The EIS and the Scottish Poetry Library have long worked together to bring poetry into the everyday lives and works of members. The 2018 anthology To Learn the Future: Poems for Teachers was gifted to all newly qualified teachers that year. In 2020 and 2021, we supported members to find their own poetic voices, through a series of creative well-being workshops.
Below, the workshop tutor, Jenny Lindsay, describes more of the workshop process, and a few members share some of the work.
I’ve loved writing ever since childhood and often find it to be a fantastic way to express myself, reflect on life events or simply just chill out. I started a blog during lockdown, and also keep a poetry journal which I add to when inspired.Emma Newton
In the days of lockdown the writing workshop was a wonderful opportunity to ‘open up’. Jenny’s exercises seemed to open up a torrent of words which were almost like opening a valve and releasing the pressures of lockdown. It was great to be at the receiving end of learning and offered an escape from being the one always leading the discussion/lesson. It was also stimulating to hear the works of others, especially the other participants. I really enjoyed hearing their takes. I was so grateful to be part of it and to realise I could still be creative while caught in the quagmire of assessments and form filling!Irene Hartshorn
Over the last year it has been a real pleasure to work with different groups of teachers on the last Saturday of the month. All were in different circumstances and from different schools, but most shared the same challenge: juggling a deep commitment to their students and colleagues with home-life and workplace expectations, plus the same worries and concerns we have all had throughout the pandemic.
With such competing pressures on their time, the objective of these sessions, as I saw it, was to primarily be a space to breathe.
Using a variety of prompts the sessions were structured to be an honest, fun, and sometimes extremely cathartic space to share worries, hopes, concerns, and personal stories through poetry, lyricism and prose. What are the small things we miss from our former lives? A handshake. A train journey. A mask-less smile. A hazelnut latte on the way to work. An unplanned day, free to go anywhere we liked.
If we could be honest, what would be tell our students, our daughters, our partners? What might be the real lessons we can take from this last year? What is it all about? It is about hope. Joy. Faith. It is about finding out what matters most. What have we discovered that we didn’t know before?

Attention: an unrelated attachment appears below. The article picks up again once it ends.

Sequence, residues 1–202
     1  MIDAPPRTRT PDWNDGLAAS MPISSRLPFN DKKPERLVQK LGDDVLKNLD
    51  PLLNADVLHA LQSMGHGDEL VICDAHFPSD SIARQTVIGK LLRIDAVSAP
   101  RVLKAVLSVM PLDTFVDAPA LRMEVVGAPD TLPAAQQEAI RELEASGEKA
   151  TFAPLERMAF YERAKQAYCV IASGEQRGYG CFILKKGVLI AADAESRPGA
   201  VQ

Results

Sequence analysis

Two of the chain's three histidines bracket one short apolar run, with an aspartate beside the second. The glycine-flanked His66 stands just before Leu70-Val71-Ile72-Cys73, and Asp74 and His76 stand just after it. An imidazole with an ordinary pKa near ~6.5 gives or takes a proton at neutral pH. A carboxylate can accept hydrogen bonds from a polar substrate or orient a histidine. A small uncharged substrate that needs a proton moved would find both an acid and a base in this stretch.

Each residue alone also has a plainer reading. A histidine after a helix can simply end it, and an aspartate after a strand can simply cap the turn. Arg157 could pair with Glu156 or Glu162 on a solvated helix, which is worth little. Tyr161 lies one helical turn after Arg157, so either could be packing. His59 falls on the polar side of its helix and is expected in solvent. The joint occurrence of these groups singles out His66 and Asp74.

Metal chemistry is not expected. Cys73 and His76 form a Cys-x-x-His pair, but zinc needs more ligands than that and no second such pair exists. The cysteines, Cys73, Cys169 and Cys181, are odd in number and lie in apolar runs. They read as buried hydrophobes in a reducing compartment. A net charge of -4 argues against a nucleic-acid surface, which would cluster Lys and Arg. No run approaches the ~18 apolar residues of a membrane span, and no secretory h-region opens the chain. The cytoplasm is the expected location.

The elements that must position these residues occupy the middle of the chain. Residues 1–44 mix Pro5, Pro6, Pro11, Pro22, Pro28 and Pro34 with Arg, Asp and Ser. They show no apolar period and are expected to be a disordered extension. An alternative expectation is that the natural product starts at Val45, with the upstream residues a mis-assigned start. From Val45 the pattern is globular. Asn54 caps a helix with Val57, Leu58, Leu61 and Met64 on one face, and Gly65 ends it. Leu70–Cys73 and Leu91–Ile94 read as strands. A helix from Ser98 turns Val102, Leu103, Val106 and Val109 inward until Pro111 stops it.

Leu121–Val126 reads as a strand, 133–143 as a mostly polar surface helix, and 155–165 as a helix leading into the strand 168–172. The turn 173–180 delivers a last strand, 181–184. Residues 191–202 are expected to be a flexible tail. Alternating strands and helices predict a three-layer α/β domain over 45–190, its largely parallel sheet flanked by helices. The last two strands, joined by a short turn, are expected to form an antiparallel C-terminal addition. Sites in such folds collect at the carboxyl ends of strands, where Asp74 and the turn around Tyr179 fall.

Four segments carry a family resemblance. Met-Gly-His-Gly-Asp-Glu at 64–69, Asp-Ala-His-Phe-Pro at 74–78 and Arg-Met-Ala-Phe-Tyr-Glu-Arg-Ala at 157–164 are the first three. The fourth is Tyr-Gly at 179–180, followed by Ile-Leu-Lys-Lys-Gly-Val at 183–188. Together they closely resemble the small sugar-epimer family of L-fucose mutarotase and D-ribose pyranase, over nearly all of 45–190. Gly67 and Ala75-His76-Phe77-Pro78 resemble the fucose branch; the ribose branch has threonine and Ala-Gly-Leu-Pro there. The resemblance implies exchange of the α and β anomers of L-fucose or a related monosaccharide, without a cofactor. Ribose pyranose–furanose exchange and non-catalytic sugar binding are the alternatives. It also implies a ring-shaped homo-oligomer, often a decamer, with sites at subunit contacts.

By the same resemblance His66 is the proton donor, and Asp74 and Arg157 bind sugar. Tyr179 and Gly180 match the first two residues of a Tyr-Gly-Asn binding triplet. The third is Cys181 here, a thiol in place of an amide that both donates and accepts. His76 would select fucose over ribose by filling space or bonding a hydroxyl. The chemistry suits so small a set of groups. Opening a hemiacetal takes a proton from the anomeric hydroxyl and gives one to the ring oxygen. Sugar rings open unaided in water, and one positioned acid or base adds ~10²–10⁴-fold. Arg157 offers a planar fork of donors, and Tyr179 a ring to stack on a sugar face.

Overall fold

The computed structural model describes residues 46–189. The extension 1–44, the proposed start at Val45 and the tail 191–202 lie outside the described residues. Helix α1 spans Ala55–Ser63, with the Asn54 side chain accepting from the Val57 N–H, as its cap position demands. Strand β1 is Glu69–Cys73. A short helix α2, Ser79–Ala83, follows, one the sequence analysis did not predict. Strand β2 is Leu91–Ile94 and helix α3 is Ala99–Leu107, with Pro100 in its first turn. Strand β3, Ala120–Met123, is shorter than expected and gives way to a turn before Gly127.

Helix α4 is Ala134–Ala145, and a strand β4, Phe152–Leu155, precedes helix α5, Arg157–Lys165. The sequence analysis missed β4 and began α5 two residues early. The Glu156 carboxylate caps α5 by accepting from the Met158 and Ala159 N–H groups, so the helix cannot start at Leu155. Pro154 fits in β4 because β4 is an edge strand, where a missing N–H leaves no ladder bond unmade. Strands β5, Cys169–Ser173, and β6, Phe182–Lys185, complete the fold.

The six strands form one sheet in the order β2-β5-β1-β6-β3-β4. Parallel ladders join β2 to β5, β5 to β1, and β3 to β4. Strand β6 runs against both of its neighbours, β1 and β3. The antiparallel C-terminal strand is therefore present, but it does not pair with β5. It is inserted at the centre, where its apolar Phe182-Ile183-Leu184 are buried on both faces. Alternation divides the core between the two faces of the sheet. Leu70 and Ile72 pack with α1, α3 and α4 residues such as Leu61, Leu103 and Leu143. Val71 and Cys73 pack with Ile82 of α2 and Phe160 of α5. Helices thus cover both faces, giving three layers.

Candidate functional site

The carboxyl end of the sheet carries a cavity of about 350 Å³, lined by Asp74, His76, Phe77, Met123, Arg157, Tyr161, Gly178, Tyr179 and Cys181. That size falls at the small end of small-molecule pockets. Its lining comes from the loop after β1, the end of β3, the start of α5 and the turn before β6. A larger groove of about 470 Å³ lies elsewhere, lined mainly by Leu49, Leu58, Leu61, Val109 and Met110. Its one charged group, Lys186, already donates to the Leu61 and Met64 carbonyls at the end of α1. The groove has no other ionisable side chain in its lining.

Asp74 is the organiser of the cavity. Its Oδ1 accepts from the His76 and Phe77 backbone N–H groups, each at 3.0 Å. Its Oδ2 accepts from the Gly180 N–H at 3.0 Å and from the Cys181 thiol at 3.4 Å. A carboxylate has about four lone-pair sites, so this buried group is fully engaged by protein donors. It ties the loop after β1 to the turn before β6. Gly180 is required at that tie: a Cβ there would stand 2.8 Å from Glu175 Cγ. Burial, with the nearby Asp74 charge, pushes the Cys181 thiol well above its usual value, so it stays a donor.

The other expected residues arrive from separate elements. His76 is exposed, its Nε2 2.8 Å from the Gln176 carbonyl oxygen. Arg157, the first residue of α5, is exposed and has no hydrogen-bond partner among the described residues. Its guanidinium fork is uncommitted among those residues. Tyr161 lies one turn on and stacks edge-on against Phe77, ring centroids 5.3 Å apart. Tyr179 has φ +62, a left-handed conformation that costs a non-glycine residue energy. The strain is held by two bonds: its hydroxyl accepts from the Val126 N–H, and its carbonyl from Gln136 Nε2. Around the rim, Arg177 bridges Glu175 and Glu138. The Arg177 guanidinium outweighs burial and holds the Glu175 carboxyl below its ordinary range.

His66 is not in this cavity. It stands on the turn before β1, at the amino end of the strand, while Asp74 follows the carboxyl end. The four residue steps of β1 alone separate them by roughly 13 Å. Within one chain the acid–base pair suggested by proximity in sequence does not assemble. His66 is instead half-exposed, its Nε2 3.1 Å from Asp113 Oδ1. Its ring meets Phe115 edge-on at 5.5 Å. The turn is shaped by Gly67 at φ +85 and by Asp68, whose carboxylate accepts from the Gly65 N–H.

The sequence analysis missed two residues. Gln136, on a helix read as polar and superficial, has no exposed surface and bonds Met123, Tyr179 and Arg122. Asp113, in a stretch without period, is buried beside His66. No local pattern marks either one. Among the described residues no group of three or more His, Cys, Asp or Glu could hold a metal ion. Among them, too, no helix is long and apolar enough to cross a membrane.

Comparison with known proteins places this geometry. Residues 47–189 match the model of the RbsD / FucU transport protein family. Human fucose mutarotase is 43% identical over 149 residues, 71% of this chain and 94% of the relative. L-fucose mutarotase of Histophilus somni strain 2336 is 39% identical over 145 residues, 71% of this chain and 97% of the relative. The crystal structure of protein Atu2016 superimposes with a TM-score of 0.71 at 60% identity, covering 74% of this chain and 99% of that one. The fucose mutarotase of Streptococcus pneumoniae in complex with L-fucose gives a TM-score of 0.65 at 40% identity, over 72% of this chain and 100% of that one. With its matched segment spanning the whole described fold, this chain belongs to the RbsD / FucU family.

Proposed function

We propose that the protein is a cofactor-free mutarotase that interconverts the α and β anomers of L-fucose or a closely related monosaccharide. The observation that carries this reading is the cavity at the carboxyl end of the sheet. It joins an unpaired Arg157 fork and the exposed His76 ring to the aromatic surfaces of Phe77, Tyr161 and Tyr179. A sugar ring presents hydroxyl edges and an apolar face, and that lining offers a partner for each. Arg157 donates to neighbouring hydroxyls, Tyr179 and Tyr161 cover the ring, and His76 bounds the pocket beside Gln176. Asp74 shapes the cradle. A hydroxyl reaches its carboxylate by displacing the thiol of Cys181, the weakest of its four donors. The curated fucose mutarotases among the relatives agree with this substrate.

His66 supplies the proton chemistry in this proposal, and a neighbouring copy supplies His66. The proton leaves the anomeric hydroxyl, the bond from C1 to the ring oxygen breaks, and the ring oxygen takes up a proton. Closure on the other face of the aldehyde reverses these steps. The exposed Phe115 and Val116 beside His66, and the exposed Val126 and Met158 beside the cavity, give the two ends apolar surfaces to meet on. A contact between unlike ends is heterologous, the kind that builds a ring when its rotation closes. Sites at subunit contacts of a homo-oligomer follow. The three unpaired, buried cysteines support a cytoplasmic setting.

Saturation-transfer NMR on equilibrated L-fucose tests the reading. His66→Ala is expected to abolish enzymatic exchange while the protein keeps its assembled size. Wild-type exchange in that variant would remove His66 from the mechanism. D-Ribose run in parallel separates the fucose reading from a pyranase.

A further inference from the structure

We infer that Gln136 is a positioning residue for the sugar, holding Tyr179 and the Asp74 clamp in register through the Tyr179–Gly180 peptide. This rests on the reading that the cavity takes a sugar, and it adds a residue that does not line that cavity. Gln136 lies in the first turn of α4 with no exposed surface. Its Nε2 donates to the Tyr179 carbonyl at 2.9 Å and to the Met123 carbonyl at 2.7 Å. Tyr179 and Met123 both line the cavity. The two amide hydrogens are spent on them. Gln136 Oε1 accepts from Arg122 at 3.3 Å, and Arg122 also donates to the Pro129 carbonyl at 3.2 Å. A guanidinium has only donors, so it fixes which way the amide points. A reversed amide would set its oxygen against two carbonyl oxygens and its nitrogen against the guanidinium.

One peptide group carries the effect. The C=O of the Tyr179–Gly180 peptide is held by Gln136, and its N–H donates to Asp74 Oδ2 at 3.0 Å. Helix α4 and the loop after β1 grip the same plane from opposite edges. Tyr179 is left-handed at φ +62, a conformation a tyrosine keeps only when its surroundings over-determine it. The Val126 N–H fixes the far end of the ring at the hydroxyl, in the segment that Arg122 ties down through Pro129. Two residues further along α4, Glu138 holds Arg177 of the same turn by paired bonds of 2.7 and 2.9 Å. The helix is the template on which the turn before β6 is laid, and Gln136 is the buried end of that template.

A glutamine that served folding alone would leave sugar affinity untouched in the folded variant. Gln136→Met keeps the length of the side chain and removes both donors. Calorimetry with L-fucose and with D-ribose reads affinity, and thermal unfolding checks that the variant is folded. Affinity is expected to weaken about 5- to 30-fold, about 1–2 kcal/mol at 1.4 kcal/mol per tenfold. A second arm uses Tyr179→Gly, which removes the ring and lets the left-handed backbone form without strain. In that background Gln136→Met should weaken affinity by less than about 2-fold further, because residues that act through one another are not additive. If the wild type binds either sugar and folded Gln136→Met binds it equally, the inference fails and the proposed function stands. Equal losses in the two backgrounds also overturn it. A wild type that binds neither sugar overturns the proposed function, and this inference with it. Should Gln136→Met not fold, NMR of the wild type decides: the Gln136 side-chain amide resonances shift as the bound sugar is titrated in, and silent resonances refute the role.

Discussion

During the sessions we read and discussed poems by several poets including William Letford, Caroline Bird, Hannah Lavery, Magi Gibson, Ada Limon, Luke Wright, Don Paterson, Ali Whitelock, Richard Medrington and many more. But the object, first and foremost, was to have fun with words and language and not to aim for perfection. As Margaret Atwood said, “If I strived for perfection, I would never write another word.”
Thank you to all of the teachers who took part in the sessions and many thanks to those who have submitted their poems for this blog.
by Irene Hartshorn
(For my daughter)
Tonight I want to marvel at
your ability to perch on the couch
like a small bird.
Did I say small?
Did you have to mumph and puff as you did it?
Blocking out all other sound –
Your exquisite limbs resting gracefully,
Bearing the weight of the body you so hate.
The fragile movements, like a dance,
Your fleeting presence through time,
Perching on the edge of something great,
Ready to soar into the sky,
Claiming, the air, the vastness of space.
The delicate nature, the ghostliness of your presence,
Belying the impact of your words, which
do not perch but reach out to the world.
by Kate Henry
what I didn’t know before
was that I held
100 billion neurons
how many of them
are connected to you
so many memories
linked to you
in my life,
so many senses
when you’re near
neural pathways made,
stronger than concrete
respond to your
or your footsteps
on the stairs,
or your voice
pieces of you
have I forgotten,
to make way
for new connections
as all memories do,
age will leave
so I cling
to all those
by Irene Hartshorn
Joy rolled into my life like a ball of fur,
hard to catch, moving just out of reach,
within an arm’s length then skywards
as I looked up craning my neck,
tips of fingers almost touching,
desperate to cradle, caress.
Looking me in the eye, defying, challenging…
go on catch me, enjoy,
but always just out of reach,
preferring the company of others,
their ecstatic stares, proclaiming,
It’s ours now. You lost!
I am yearning for its return.
by Emma Newton
Dawn, but the sun
can’t pierce the opaque fog
which looms heavily,
shrouding the horizon.
Dense silence rings, foretelling doom.
Blindfolded, I step
furtively into the icy air,
each tentative motion a tiny triumph.
A light glimmers in the distance,
a candle flickering, mapping out my path.
My breath sharp yet shallow,
the thick air dank on my tongue.
It will lift, pass, banished
by the sun’s fiery breath,
a formidable power.
And then the lightness will dance,
unfettered to the murky heavens.
When the old year ended
I let go
although we had ended
so much sooner
it had been a while coming
though your bags had been packed
many months before,
had moved out
and moved on,
I became stuck
in the longing
of might have been
then autumn came,
the possibilities of summer,
and the chill
it is winter
and the cold
longs for fire,
I need the glow
and the crackle
and the spark
so I stand
of the year,
with what you’d left
and what I’d kept
the sparks all dance,
little lights of us